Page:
Prognostic significance of serum lactate dehydrogenase in malignant lymphoma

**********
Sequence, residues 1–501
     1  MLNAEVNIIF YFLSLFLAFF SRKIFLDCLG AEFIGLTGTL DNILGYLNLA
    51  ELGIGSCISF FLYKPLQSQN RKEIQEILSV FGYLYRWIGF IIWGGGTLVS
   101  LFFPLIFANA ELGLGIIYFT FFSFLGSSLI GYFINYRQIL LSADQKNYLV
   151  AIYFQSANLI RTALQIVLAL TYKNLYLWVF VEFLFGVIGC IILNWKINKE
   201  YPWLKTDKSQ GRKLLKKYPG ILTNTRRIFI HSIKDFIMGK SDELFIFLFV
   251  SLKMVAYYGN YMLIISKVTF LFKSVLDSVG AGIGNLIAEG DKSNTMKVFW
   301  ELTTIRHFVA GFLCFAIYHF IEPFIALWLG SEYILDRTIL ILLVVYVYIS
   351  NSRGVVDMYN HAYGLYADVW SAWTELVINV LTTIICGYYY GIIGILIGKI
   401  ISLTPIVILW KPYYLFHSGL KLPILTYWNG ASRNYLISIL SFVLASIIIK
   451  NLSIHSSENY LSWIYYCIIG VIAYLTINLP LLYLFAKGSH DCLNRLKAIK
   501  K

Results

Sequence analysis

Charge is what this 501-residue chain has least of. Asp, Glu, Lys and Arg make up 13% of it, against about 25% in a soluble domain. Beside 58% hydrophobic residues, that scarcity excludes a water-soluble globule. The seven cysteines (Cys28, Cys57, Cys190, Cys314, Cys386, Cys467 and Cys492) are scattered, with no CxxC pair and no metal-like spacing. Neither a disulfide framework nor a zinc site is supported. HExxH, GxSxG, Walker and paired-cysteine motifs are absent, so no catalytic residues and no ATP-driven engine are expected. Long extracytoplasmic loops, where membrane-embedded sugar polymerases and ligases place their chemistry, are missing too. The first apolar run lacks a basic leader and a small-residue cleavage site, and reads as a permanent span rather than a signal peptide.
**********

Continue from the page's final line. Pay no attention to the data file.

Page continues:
The pretreatment serum lactate dehydrogenase level (LDH) was the single most important prognostic variable in 30 patients with diffuse histiocytic lymphoma treated between January 1973 and January 1977 with a poly-drug chemotherapy program called the cyclophosphamide L2 protocol at the Memorial Sloan-Kettering Cancer Center. A highly significant difference was found between the survival patterns of patients with LDH levels of 500 U or less and those with LDH levels greater than 500 U. (Two-year survival rates were 67% and 13%, respectively.) A similar trend was observed for 25 patients with diffuse, poorly differentiated lymphocytic lymphoma treated with the same protocol, although this difference was not statistically significant. (Corresponding two-year survival rates were 74% and 33%, respectively.) The association of LDH level with survival was evident even after adjustment for other factors of potential prognostic significance. Pretreatment serum LDH determinations may provide a useful means of stratifying patient populations when comparing treatment programs for advanced stage non-Hodgkin's lymphoma.